The second purpose of this study was to examine gender differences in identity achievement. Findings regarding gender differences in adolescent identity achievement have been inconsistent, with differences frequently being absent (Allen et al. …

The rest of this article is only available to active members of Questia

Sign up now for a free, 1-day trial and receive full access to:

  • Questia's entire collection
  • Automatic bibliography creation
  • More helpful research tools like notes, citations, and highlights
  • Ad-free environment

Already a member? Log in now.

Notes for this article

Add a new note
If you are trying to select text to create highlights or citations, remember that you must now click or tap on the first word, and then click or tap on the last word.
One moment ...
Default project is now your active project.
Project items

Items saved from this article

This article has been saved
Highlights (0)
Some of your highlights are legacy items.

Highlights saved before July 30, 2012 will not be displayed on their respective source pages.

You can easily re-create the highlights by opening the book page or article, selecting the text, and clicking “Highlight.”

Citations (0)
Some of your citations are legacy items.

Any citation created before July 30, 2012 will labeled as a “Cited page.” New citations will be saved as cited passages, pages or articles.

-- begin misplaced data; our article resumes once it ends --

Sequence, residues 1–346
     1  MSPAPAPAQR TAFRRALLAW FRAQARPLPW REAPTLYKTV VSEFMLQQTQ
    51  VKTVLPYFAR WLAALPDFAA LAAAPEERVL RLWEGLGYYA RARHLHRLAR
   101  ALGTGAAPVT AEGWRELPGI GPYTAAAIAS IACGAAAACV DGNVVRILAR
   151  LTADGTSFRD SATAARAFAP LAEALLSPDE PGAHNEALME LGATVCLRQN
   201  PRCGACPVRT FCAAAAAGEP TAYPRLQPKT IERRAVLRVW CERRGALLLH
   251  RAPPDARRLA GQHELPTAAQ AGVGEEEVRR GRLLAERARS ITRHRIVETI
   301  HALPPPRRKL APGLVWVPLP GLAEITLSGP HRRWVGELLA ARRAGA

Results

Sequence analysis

We also added the ability to view new citations from your projects or the book or article where you created them.

Notes (0)
Bookmarks (0)

You have no saved items from this article

Project items include:
  • Saved book/article
  • Highlights
  • Quotes/citations
  • Notes
  • Bookmarks
Notes
Cite this article

Cited article

Style
Citations are available only to our active members.
Sign up now to cite pages or passages in MLA, APA and Chicago citation styles.

(Einhorn, 1992, p. 25)

(Einhorn 25)

1

1. Lois J. Einhorn, Abraham Lincoln, the Orator: Penetrating the Lincoln Legend (Westport, CT: Greenwood Press, 1992), 25, http://www.questia.com/read/27419298.

Cited article

The Relationship between Positive Parental Involvement and Identity Achievement during Adolescence
Settings

Settings

Typeface
Text size Smaller Larger Reset View mode
Search within

Search within this article

Look up

Look up a word

  • Dictionary
  • Thesaurus
Please submit a word or phrase above.
Print this page

Print this page

Why can't I print more than one page at a time?

Full screen

matching results for page

Cited passage

Style
Citations are available only to our active members.
Sign up now to cite pages or passages in MLA, APA and Chicago citation styles.

"Portraying himself as an honest, ordinary person helped Lincoln identify with his audiences." (Einhorn, 1992, p. 25).

"Portraying himself as an honest, ordinary person helped Lincoln identify with his audiences." (Einhorn 25)

"Portraying himself as an honest, ordinary person helped Lincoln identify with his audiences."1

1. Lois J. Einhorn, Abraham Lincoln, the Orator: Penetrating the Lincoln Legend (Westport, CT: Greenwood Press, 1992), 25, http://www.questia.com/read/27419298.

Cited passage

Thanks for trying Questia!

Please continue trying out our research tools, but please note, full functionality is available only to our active members.

Your work will be lost once you leave this Web page.

For full access in an ad-free environment, sign up now for a FREE, 1-day trial.

Already a member? Log in now.